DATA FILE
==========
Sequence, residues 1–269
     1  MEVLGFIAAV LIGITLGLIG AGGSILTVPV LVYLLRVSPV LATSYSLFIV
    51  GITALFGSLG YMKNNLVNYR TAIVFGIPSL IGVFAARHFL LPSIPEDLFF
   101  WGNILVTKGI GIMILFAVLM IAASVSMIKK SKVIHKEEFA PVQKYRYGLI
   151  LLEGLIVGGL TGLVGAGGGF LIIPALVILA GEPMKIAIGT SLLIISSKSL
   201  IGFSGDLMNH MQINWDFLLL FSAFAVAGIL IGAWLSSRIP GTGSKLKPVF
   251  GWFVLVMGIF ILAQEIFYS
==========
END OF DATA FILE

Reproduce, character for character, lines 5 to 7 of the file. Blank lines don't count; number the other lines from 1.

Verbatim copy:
   151  LLEGLIVGGL TGLVGAGGGF LIIPALVILA GEPMKIAIGT SLLIISSKSL
   201  IGFSGDLMNH MQINWDFLLL FSAFAVAGIL IGAWLSSRIP GTGSKLKPVF
   251  GWFVLVMGIF ILAQEIFYS